The present system makes it appear to the out-of-band network that the switching platform is actually the source of all the data/services (e.g., web pages) when in fact it is not. Because the in-band network is front ended by the switching platform, there is no way for a client to realize that the switching platform is performing a bridging function to other devices. Although they look like they are all provided by the switching platform, the data/services are distributed among the in-band network devices, which can be removed, replaced, or reconfigured as necessary. When the in-band network is reconfigured, the switching platform appears to have been automatically updated to reflect the reconfigured services.
The present system permits simply browsing to the switch in the same manner as to other servers on the out-of-band network. From the point of view of the client on the out-of-band network, it looks like the switch provides a sort of all encompassing service but, from an engineering standpoint, this is achieved without having to actually implement all of the included functions in a single piece of hardware. It allows a very flexible configuration with the requirement to change anything.
The present system does not require the reconfiguration or reassignment of the default gateway for the out-of-band network. As shown in
The present system can also be implemented without requiring reconfiguration or reassignment of the proxy server for the out-of-band network. Just as with the default gateway, substantial engineering effort would be required to perform the functions of the proxy server in addition to providing connectivity to the in-band network. The system thereby simplifies handling of traffic between the in-band and out-of-band networks.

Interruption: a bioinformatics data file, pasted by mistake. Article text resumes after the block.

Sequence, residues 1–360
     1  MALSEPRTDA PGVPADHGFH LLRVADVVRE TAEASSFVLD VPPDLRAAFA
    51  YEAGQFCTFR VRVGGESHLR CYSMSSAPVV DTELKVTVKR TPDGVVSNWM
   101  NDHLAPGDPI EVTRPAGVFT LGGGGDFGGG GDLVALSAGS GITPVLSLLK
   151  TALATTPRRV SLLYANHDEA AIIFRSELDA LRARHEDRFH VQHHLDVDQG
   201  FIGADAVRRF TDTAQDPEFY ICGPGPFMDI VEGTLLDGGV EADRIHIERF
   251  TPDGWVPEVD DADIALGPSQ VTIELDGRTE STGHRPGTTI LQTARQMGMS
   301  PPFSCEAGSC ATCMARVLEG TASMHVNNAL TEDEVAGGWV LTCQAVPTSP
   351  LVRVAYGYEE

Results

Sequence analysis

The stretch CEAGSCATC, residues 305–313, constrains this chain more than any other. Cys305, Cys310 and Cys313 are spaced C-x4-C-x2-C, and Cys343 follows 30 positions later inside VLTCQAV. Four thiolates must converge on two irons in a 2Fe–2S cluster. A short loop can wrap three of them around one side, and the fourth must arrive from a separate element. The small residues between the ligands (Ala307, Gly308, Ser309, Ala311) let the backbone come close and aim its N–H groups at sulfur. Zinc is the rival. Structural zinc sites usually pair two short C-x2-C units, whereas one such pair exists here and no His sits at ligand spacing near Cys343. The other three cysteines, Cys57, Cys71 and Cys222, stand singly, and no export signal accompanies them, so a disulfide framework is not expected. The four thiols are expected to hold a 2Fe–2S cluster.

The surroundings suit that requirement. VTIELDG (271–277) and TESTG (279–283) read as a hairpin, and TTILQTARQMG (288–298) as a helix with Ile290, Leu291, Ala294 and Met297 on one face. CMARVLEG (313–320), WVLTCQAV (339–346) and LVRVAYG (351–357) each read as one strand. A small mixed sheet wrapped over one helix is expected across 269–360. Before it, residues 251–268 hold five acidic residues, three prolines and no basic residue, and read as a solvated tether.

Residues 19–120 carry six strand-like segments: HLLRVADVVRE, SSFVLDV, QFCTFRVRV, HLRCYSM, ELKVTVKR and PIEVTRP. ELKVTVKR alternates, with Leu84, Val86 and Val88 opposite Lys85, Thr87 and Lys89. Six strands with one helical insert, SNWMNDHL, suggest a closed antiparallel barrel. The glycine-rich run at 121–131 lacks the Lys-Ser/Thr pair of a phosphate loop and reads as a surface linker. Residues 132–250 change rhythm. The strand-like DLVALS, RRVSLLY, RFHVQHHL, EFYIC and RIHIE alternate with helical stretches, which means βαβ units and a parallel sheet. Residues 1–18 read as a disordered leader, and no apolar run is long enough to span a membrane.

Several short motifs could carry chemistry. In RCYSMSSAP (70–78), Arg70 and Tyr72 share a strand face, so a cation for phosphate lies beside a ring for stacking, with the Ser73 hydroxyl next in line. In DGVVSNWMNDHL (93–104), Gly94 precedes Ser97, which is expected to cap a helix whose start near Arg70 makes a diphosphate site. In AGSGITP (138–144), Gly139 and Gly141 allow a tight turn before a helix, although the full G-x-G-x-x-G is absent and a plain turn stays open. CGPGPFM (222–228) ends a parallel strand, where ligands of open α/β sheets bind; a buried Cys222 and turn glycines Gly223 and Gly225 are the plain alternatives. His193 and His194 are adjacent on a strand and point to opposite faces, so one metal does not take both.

Out-of-band network 11 includes a client 21 which is used, at least in part, for the purpose of managing heterogeneous network 10. Client 21 may, for example, be a workstation which is used by a network administrator. The network administrator would typically use client 21 to request information from each of the devices in the network. In one embodiment, the network administrator runs a browser on client 21. The browser can be used to view a web page which includes hyperlinks to each of the network devices. When one of the hyperlinks is selected by the network administrator, an HTTP request is generated and transmitted to the device corresponding to the selected hyperlink. When the HTTP request is received by the device, a response (e.g., a responsive web page) is generated and transmitted back to the client. (Because the responding device serves a response to the HTTP request, it may be referred to as a server.) the web page which is received by client 21 can then be viewed by the network administrator and used as necessary in the management of the network.